What has your journey of self-worth looked like? For this #GirlsTalkReal event with Lou & Grey, Amy spoke with Cleo Wade about rebuilding yourself, boundaries and self-worth. Cleo Wade is an artist, poet, and the author of best selling book, “Heart Talk: Poetic Wisdom for a Better Life.” Her work speaks to the importance of self-care, beloved community building, and social justice. Watch our GirlsTalkReal episode with Cleo here, and check out the highlights below.
Whether it’s creating my work or the people I choose to learn from, I always have the intention of being as open as I can to changing and evolving. I think that if you walk into every room knowing that you could walk out a different person, then your life can be an adventure, your work will always be exciting, and your relationships will be joyful.
Heart Talk was the book that nobody wanted. When I was first writing it three or four years ago, people would say to me: “We don’t really get it. Is it poetry? We don’t even know where it would sit in a bookstore.” Even my parents said to me, “We understand that you want to be in the world through poetry. But who’s a poet nowadays? How does that work?
When I was writing Heart Talk, I wanted to create a toolkit. It wasn’t about creating the perfect book of poetry or the wisest mantras you’ve ever heard. It was a compilation of all the things that I’ve used to get me through my hardest moments. It was a compilation of all the words I’ve said or heard when my best girlfriends were sitting around the kitchen table talking about the job that didn’t work out, or that relationship that didn’t work out. It was also about the struggles of loving and caring for ourselves, and the conversation about moving from girlhood to womanhood. I wanted the book to embody what those conversations felt like.
When you’re first trying to find your path, your role models are your template.
I remembered that I’d made a promise to my audience, and then would work on keeping that promise. My promise was never about being a bestseller. The reason I got up and wrote every day was because I made a promise that no matter where you are or how lonely you feel in the worst or best moments of your life—these words are for you. I knew that if I focused on that promise then I could I finish the work. You need to make sure that you’re constantly aligned with your goal, and the promises you make will help you to come out on the other side and finish.
If I hadn’t known about people like Gloria Steinem, James Baldwin, or Alice Walker, I wouldn’t have known where to start. In the very beginning, I didn’t know my own identity or how I wanted to write. I saw them first and began to imitate them. When you’re first trying to find your path, your role models are your template. I always say to people who aren’t sure if they want to tell their story that they may be someone’s template.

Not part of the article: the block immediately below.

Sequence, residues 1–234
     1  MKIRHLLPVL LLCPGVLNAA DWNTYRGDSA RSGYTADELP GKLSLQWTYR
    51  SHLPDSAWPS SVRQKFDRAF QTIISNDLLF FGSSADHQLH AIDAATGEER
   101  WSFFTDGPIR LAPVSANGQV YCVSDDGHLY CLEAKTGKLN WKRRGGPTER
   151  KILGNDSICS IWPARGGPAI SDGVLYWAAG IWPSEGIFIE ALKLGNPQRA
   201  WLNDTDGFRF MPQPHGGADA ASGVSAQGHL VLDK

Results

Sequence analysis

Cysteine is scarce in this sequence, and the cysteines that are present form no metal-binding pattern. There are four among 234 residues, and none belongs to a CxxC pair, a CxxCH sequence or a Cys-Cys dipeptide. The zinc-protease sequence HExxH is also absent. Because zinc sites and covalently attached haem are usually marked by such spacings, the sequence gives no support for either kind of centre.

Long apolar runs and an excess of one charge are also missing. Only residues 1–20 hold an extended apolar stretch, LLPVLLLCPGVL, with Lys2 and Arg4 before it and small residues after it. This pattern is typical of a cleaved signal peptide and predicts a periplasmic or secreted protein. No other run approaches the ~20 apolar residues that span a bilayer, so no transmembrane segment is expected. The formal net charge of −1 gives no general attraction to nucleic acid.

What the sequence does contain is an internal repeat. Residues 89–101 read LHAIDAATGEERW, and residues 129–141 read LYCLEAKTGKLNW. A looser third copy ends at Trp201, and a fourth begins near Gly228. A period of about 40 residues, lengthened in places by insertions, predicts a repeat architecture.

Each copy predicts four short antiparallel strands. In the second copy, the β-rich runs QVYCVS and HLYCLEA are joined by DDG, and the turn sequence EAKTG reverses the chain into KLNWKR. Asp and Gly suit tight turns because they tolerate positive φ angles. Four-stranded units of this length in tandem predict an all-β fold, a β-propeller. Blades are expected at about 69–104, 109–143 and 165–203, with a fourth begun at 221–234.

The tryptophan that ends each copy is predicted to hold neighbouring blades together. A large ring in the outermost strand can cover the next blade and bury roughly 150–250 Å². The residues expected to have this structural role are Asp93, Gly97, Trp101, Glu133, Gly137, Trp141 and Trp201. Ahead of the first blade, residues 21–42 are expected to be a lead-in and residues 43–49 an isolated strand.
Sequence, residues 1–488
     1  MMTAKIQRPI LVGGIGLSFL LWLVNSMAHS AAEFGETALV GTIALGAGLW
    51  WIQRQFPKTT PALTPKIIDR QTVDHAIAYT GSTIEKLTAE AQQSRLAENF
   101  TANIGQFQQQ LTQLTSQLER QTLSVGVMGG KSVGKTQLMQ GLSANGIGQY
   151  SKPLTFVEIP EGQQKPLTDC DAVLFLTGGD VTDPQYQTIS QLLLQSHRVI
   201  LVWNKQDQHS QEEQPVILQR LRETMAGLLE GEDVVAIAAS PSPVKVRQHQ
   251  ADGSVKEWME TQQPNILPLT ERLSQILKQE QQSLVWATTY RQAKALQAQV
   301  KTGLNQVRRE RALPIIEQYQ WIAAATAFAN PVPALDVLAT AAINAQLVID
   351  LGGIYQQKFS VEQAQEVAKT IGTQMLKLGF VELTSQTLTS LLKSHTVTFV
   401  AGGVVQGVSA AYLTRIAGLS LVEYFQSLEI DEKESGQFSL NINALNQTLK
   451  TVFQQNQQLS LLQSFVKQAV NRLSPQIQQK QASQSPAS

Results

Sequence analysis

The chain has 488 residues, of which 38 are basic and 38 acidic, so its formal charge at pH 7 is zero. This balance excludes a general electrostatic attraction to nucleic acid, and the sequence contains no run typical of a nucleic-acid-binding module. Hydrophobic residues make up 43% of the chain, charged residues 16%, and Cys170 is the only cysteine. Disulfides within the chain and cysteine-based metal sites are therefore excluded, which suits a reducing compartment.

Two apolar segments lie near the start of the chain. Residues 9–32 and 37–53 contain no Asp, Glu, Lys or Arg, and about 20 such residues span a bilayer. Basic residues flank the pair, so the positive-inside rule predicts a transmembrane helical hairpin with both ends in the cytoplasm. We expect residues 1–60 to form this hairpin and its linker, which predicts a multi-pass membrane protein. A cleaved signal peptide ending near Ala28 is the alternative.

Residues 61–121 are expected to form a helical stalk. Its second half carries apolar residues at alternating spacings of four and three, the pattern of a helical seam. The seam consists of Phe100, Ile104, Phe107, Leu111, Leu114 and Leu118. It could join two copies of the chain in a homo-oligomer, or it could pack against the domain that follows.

You should also want the next generation to bust the template open and do bigger and better things than you ever could have in your lifetime. Do you have that inkling or little whisper in your head to do that thing? If so, you should pursue it.
If you wake up in the morning and feel like an artist, then you can call yourself an artist. If you write in your diary every day, you can call yourself a writer. You don’t have wait for the outside world to qualify you in order for you to identify with your dreams. A lot of the rules of “how we are supposed to be” weren’t made to make us happy or thrive anyway. They weren’t made with us in mind.
What stops us from doing the things we dream about is that we think it has to look a certain way. We believe there are qualifiers we need in order to achieve the things we want. The way society predominantly functions is around predictions of what we’ll do next, and not so that we can live boldly.
All of my goals are based on impact. I think about the most impact I could make at any point in time so that I can prioritize being a kind and ethical person. I’m open to what the universe brings my way and what new ideas I can come up with in order to make that impact possible.
fight on behalf of your best self.
If something isn’t working or isn’t flowing in my life I am always happy to press pause and see how can I change or learn something new about myself. When we’re in tune with what’s happening within ourselves, we have an opportunity to take in emotional information that our body is feeding us. Take the time to pay attention during hard times so that your emotional intelligence develops. Your wisdom is gained in those spaces.
Relational boundaries are one of the main pillars of an effective self care practice. When we think about self care, we have to think about how we show care for ourselves in relationships to others.
We can’t control what comes up in life, but we have a lot of control over what we do with our thoughts. I work on guiding myself to healthier thoughts by using mantras as tools to make sure that my thoughts don’t weigh down my reality. You should be your own hype person and fight on behalf of your best self. We have to take the time to have intimacy with ourselves. It helps us cultivate our purest and most authentic selves.
The mantra that I use for self-forgiveness is: “If you are grateful for where you are, you have to respect the road that got you there.” When you are in pieces, you are also empowered to put yourself together in a completely different way. You can rebuild yourself into the woman you were meant to be.